Berlin: Book Market Offers Eleven Key Titles For Option

From a true-life Argo-like story set in North Korea to a spooky thriller about a paralyzed man who helps solve a decades-old mystery by blinking, these are the books spotlighted for adaptation at this year's festival.

The Berlin Film Festival has offered a literary marketplace, Books at Berlinale, since 2006, as part of its annual co-production market.

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The event has been so successful that this year it has been opened up to producers who are not co-prod market participants. Organizers selected eleven books from among more than 120 entries to spotlight. Says Berlinale co-production market head Sonja Heinen of the event, to be held Feb. 11: “There is something here to fit every producer’s budget and interests.”

A rundown of the festival titles:

Melanie by Carel Donck

Country: Netherlands

A girl discovers her murdered sister was leading a double life as an escort and assumes her identity to find the killer.

Adaptability: Pretty girls, double identities, sex and a gruesome murder are the building blocks of many great movies.

***** (five out of five stars).

Back Up by Paul Colize

Country: France

After being hit by a car, an illegal alien can communicate only by blinking in a mystery that traces back to the 1970s.

Adaptability: Intrigue, locked-in syndrome and the wild 1970s could make for a riveting trailer and film.

***** (5/5)

The Eduard Einstein Case by Lauren Seksik

Country: France

Based on the true story of the schizophrenic son of Albert Einstein.

Adaptability: The family drama may appeal, but Eduard is likely not known well enough to draw huge crowds to the local cineplex.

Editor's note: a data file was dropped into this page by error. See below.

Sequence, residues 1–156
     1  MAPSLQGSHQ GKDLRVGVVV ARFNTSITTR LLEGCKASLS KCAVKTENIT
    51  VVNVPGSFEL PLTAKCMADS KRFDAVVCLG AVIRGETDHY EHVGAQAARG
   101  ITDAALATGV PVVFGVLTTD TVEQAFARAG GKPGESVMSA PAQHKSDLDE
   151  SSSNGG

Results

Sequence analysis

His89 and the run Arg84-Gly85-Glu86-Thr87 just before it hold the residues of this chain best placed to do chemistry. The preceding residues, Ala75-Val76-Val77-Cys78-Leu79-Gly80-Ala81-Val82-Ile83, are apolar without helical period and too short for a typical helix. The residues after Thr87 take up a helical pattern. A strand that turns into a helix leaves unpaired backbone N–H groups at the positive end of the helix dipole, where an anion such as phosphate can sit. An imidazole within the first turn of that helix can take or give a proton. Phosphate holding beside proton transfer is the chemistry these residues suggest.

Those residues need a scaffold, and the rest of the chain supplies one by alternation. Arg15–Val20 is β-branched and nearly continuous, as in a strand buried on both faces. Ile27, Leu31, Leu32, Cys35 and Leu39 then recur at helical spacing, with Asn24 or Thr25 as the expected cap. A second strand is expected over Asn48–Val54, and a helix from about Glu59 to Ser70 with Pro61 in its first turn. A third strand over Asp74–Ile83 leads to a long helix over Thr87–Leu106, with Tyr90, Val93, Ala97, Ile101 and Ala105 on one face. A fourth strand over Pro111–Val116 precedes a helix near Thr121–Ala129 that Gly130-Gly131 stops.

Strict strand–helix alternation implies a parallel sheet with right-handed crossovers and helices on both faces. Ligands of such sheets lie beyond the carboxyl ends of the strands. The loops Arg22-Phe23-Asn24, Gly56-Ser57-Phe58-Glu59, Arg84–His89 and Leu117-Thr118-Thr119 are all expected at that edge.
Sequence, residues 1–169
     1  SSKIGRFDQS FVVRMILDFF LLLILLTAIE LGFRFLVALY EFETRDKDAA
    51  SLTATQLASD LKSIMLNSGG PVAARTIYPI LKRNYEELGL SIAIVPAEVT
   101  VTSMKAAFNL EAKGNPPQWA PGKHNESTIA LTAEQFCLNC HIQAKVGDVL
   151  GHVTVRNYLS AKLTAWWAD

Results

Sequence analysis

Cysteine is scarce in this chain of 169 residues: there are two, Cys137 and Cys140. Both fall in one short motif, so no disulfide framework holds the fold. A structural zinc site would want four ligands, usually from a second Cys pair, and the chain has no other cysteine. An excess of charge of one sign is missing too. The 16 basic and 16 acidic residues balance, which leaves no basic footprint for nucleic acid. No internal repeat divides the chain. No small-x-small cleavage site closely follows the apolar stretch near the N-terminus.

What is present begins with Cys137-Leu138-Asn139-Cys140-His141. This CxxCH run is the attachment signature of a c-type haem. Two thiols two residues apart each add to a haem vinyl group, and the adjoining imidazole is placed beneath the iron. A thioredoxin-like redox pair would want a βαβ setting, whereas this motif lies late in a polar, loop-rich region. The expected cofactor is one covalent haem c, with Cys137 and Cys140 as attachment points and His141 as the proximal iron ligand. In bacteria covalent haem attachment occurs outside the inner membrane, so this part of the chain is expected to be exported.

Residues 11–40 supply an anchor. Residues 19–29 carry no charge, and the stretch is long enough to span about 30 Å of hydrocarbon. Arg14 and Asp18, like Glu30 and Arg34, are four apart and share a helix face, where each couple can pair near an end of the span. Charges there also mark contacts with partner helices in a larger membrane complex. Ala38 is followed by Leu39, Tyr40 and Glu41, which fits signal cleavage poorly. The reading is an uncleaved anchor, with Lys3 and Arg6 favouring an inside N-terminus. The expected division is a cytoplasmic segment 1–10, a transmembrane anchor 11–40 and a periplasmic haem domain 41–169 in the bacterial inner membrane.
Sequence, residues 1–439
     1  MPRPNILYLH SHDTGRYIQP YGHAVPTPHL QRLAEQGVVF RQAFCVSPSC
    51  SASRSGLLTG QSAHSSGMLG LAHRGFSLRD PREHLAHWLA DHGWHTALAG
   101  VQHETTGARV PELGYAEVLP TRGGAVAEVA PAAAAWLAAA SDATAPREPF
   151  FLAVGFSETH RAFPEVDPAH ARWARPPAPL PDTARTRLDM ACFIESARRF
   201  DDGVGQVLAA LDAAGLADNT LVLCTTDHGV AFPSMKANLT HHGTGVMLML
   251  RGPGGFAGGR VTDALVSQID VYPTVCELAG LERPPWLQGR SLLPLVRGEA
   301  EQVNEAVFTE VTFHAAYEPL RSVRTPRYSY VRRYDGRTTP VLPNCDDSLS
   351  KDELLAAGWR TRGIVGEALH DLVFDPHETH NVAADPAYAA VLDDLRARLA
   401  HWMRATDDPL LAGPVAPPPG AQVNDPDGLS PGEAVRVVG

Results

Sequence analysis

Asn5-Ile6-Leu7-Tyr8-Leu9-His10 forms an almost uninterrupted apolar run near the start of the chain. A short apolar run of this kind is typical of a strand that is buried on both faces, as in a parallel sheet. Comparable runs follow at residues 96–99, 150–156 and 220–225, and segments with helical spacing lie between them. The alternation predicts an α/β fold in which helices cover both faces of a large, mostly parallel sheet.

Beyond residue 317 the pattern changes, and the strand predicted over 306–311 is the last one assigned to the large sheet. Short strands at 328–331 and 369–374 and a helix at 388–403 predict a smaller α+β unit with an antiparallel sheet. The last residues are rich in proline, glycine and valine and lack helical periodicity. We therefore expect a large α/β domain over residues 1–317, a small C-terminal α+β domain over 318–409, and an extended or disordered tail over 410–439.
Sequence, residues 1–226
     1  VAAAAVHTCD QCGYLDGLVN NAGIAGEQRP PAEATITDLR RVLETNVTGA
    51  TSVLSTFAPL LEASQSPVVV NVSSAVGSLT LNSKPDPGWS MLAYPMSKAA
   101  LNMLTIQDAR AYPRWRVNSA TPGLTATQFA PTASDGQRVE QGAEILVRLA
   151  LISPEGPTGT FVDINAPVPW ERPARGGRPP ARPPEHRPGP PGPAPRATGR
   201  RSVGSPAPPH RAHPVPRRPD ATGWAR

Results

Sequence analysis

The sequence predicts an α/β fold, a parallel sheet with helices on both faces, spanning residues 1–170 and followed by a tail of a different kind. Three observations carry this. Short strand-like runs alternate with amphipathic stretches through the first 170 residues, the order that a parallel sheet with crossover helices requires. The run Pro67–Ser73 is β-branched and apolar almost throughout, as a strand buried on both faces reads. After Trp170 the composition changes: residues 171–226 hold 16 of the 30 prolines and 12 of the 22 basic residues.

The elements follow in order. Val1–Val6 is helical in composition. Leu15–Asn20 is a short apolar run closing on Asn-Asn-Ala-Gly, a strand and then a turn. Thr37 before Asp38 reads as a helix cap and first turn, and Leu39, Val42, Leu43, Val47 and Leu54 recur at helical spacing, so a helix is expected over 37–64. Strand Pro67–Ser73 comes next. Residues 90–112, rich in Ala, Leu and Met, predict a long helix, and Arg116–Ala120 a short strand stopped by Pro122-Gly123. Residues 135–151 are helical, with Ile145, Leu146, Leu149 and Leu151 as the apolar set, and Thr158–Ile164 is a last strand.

** (2/5)

Love, Love Me Do by Mark Haysom

Country: U.K.

In 1963, a man moves his family to a camper in a forest then vanishes, leaving his wife and children to pick up the pieces.

Adaptability: An original and offbeat story that could make a compelling domestic drama.

*** (3/5)

This Place Holds No Fear by Monika Held

Country: Germany

In 1964, a Holocaust survivor is called to testify at the Auschwitz trials, where he falls in love with a translator.

Adaptability: A complicated narrative, long time frame (1930s-1980s) and wrenching material make it a tough sell.

** (2/5)

Czernin or How I Learned to Understand World War I by Hans von Trotha

Country: Germany

A man finds explosive documents belonging to his great-grandfather, a minister in the Austro-Hungarian empire.

Adaptability: The mix of modern-day and period drama could feed European audiences’ appetite for history.

*** (3/5)

The Latecomer (aka The Misfortunates) by Dimitri Verhulst

Country: Netherlands

The semiautobiographical novel is a tale of Belgian alcoholics, class differences, village life and a father-son relationship.

Adaptability: Think Shameless, the long-running U.K. show that also spawned a successful U.S. remake.

*** (3/5)

More by Hakan Gunda

Country: Turkey

The story of 9-year-old Gaza and his father, who makes money by helping migrants cross borders illegally.

Adaptability: Human trafficking isn’t a topic for hits, but the coming-of-age angle makes it more accessible.

*** (3/5)

Twelve Meters by Andi Rogenhagen

Country: Germany

When his teacher gives Philipp, 15, a bad grade, he hitchhikes to France to put a different head on the hated teacher’s favorite monument.

Adaptability: A teen-angst-driven quirky road movie could have appeal beyond Germany and France.

**** (4/5)

Daughter of the Flowers by Vanessa da Mata

Country: Brazil

A fantasy about three cousins who run a magical flower shop, a goddess who beds a man once a month and forbidden love.

Adaptability: Latin American magical realism has a mixed track record.

** (2/5)

A Kim Jong-Il Production by Paul Fischer

Country: U.K.

The true tale of an A-list Asian film couple kidnapped by North Korean dictator Kim and forced to make propaganda films.

Adaptability: Think Argo in Asia!

***** 5/5)

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